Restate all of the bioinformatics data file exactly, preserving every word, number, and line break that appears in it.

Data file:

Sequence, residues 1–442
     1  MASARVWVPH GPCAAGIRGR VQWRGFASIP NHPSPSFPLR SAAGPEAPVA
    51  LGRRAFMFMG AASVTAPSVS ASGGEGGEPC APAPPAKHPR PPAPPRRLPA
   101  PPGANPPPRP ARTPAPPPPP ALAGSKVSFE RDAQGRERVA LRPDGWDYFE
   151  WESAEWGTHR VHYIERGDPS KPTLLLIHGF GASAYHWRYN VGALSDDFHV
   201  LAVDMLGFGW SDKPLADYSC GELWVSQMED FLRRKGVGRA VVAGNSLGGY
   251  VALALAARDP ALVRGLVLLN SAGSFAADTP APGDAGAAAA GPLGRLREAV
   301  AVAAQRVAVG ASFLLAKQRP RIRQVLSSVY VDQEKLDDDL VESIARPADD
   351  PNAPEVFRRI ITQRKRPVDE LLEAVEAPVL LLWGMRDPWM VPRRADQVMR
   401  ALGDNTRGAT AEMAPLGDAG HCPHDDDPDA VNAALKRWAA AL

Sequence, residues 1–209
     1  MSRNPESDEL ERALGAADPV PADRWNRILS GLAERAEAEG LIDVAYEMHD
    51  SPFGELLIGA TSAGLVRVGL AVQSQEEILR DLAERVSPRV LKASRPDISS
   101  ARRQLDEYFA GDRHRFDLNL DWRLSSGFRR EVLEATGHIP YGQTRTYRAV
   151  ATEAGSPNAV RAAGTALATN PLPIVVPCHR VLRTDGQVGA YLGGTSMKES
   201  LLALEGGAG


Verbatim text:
Sequence, residues 1–442
     1  MASARVWVPH GPCAAGIRGR VQWRGFASIP NHPSPSFPLR SAAGPEAPVA
    51  LGRRAFMFMG AASVTAPSVS ASGGEGGEPC APAPPAKHPR PPAPPRRLPA
   101  PPGANPPPRP ARTPAPPPPP ALAGSKVSFE RDAQGRERVA LRPDGWDYFE
   151  WESAEWGTHR VHYIERGDPS KPTLLLIHGF GASAYHWRYN VGALSDDFHV
   201  LAVDMLGFGW SDKPLADYSC GELWVSQMED FLRRKGVGRA VVAGNSLGGY
   251  VALALAARDP ALVRGLVLLN SAGSFAADTP APGDAGAAAA GPLGRLREAV
   301  AVAAQRVAVG ASFLLAKQRP RIRQVLSSVY VDQEKLDDDL VESIARPADD
   351  PNAPEVFRRI ITQRKRPVDE LLEAVEAPVL LLWGMRDPWM VPRRADQVMR
   401  ALGDNTRGAT AEMAPLGDAG HCPHDDDPDA VNAALKRWAA AL

Sequence, residues 1–209
     1  MSRNPESDEL ERALGAADPV PADRWNRILS GLAERAEAEG LIDVAYEMHD
    51  SPFGELLIGA TSAGLVRVGL AVQSQEEILR DLAERVSPRV LKASRPDISS
   101  ARRQLDEYFA GDRHRFDLNL DWRLSSGFRR EVLEATGHIP YGQTRTYRAV
   151  ATEAGSPNAV RAAGTALATN PLPIVVPCHR VLRTDGQVGA YLGGTSMKES
   201  LLALEGGAG